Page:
THE WASHINGTON EXAMINER:
MSNBC evening anchor Chris Matthews compared the death of top Iranian Gen. Qassem Soleimani with the deaths of Elvis Presley and Princess Diana, specifically regarding the “outpouring” of grief.
“When some people die, you don’t know what the impact is going to be. When Princess Diana died, for example, there was a huge emotional outpouring,” Matthews said on his show Wednesday night. “Elvis Presley in our culture — it turns out that this general we killed was a beloved hero of the Iranian people to the point where — look at the people, we got pictures up now — these enormous crowds coming out. There’s no American emotion in this case, but there’s a hell of a lot of emotion on the other side.”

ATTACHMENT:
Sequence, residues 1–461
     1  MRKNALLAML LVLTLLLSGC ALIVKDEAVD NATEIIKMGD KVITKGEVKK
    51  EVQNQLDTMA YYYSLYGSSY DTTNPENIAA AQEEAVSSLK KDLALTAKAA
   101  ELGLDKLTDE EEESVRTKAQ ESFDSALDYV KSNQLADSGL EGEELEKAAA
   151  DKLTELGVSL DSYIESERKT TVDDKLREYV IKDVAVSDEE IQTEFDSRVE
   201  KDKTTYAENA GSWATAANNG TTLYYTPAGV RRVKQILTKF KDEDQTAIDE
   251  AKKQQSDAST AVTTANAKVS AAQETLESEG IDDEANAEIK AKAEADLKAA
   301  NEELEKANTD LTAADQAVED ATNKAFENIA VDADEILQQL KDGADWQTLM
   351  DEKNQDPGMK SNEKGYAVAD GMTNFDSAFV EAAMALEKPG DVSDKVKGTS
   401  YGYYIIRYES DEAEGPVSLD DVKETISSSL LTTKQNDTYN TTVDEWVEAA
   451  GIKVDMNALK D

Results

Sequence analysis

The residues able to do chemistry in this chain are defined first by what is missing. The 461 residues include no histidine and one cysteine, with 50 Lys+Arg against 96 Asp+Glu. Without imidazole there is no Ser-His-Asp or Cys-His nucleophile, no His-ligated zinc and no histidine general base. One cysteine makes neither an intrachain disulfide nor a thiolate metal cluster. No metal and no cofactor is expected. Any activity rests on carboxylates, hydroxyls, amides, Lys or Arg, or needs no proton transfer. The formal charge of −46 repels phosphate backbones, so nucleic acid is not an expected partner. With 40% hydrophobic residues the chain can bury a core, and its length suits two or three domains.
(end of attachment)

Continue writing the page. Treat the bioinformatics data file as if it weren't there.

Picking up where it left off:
Tensions between the United States and Iran escalated and de-escalated over the last week or so. President Trump’s order to kill Soleimani last Thursday was in response to the death of an American contractor last month. Iran responded to the killing of Soleimani by attacking two U.S.-Iraqi air bases with more than a dozen ballistic missiles on Tuesday night, but there were no casualties in the retaliatory strikes.
While Matthews noted that thousands of people poured into the street following the death of Soleimani, he failed to mention that “the government has forced students and officials to attend,” according to Iranian journalist Masih Alinejad, who wrote an opinion piece in the Washington Post titled, “Don’t believe Iranian propaganda about the mourning for Soleimani” earlier this week. Alinejad also reported that “free transport [was provided] and [the government] ordered shops to shut down.”